During the mid-to-late 1980s, the Princess of Wales became well known for her support of charity projects, and is credited with considerable influence for her campaigns against the use of landmines and helping the victims of AIDS.
In April 1987, the Princess of Wales was the first high-profile celebrity to be photographed touching an AIDS-infected person. Her contribution to changing the public opinion of AIDS sufferers was summarized in December 2001 by Bill Clinton at the Diana, Princess of Wales Lecture on AIDS, when he said: "In 1987, when so many still believed that AIDS could be contracted through casual contact, Princess Diana sat on the sickbed of a man with AIDS and held his hand. If the Princess of Wales could hold the hand of a man with AIDS, who could claim to be above it? She showed the world that people with AIDS deserved not isolation, but compassion. It helped change world opinion, helped give hope to people with AIDS, and helped save lives of people at risk."
Perhaps her most widely publicized charity appearance was her visit to Angola in January 1997, when, serving as an International Red Cross VIP volunteer she visited landmine survivors in hospitals, toured de-mining projects run by the HALO Trust, and attended mine awareness education classes about the dangers of mines immediately surrounding homes and villages. The pictures of Diana, Princess of Wales touring a minefield, in helmet and flak jacket, were seen worldwide. In August that year she visited Bosnia with the Landmine Survivors Network. Her interest in landmines was focused on the injuries they create, often to children, long after the conflict for which they are intended has finished. She is widely credited for her influence on the governments of the UK and other nations, in their signing of the Ottawa Treaty in December 1997 (after her death) which created an international ban on the use of anti-personnel landmines. Introducing the Second Reading of the Landmines Bill 1998 to the British House of Commons, the Foreign Secretary Robin Cook paid tribute to Diana, Princess of Wales's work on landmines. "All honourable Members will be aware from their postbags of the immense contribution made by Diana, Princess of Wales to bringing home to many of our constituents the human costs of landmines. The best way in which to record our appreciation of her work, and the work of NGOs that have campaigned against landmines, is to pass the Bill, and to pave the way towards a global ban on landmines."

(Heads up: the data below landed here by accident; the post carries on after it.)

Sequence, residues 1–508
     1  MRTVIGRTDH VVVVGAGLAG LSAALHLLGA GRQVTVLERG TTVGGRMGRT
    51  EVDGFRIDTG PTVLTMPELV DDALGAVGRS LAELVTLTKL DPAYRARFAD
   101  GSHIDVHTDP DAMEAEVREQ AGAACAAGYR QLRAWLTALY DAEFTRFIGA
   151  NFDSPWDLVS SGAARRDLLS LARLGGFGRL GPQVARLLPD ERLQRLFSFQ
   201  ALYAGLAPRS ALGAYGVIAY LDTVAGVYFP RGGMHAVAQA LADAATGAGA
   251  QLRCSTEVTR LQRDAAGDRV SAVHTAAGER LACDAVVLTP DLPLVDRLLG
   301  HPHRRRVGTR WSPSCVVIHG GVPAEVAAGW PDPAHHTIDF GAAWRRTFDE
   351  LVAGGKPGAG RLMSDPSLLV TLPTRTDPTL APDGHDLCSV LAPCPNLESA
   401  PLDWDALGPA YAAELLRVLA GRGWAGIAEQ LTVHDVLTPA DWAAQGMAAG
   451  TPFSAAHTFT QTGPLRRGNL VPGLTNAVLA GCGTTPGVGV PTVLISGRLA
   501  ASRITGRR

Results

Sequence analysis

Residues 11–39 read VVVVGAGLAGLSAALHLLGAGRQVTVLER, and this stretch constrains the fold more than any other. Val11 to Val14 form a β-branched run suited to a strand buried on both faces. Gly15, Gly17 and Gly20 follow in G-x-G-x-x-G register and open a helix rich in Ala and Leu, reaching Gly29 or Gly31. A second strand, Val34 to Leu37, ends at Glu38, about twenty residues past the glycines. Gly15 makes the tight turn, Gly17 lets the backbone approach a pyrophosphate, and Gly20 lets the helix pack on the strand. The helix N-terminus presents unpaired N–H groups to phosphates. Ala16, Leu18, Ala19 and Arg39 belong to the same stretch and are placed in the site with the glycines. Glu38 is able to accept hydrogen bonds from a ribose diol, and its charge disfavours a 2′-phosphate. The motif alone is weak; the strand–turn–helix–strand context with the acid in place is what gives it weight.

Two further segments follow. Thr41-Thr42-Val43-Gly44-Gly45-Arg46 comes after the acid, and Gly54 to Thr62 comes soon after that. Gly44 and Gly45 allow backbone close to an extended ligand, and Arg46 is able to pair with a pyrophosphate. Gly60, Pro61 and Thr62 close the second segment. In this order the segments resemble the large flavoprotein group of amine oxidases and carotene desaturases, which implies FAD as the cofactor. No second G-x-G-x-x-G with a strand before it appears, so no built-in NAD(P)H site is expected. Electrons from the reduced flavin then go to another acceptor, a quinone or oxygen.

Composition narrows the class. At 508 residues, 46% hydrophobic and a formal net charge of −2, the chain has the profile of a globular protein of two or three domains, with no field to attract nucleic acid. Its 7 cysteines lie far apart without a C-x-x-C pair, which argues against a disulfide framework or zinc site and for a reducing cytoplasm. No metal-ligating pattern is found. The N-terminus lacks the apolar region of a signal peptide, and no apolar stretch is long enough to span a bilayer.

All profits generated to Althorp from the Exhibition are given to the Diana, Princess of Wales Memorial Fund a registered charity (no. 1064238). There will be an annual donation of 10% of the retail sale price of all products bearing the Diana, Princess of Wales logo subject to a minimum of £10,000.